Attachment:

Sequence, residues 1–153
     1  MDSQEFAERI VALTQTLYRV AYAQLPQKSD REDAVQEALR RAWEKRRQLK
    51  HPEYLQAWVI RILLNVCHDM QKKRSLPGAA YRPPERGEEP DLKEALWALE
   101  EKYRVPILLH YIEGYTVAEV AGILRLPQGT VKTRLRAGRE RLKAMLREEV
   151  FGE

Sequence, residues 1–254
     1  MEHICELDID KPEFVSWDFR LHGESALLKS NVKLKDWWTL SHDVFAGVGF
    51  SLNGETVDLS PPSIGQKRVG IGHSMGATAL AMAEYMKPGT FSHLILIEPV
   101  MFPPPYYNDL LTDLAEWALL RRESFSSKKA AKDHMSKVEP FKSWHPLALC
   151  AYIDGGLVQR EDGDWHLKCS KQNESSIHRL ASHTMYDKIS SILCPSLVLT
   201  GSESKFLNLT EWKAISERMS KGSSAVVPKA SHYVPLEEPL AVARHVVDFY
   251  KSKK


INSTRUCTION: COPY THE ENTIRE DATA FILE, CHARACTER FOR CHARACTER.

Sequence, residues 1–153
     1  MDSQEFAERI VALTQTLYRV AYAQLPQKSD REDAVQEALR RAWEKRRQLK
    51  HPEYLQAWVI RILLNVCHDM QKKRSLPGAA YRPPERGEEP DLKEALWALE
   101  EKYRVPILLH YIEGYTVAEV AGILRLPQGT VKTRLRAGRE RLKAMLREEV
   151  FGE

Sequence, residues 1–254
     1  MEHICELDID KPEFVSWDFR LHGESALLKS NVKLKDWWTL SHDVFAGVGF
    51  SLNGETVDLS PPSIGQKRVG IGHSMGATAL AMAEYMKPGT FSHLILIEPV
   101  MFPPPYYNDL LTDLAEWALL RRESFSSKKA AKDHMSKVEP FKSWHPLALC
   151  AYIDGGLVQR EDGDWHLKCS KQNESSIHRL ASHTMYDKIS SILCPSLVLT
   201  GSESKFLNLT EWKAISERMS KGSSAVVPKA SHYVPLEEPL AVARHVVDFY
   251  KSKK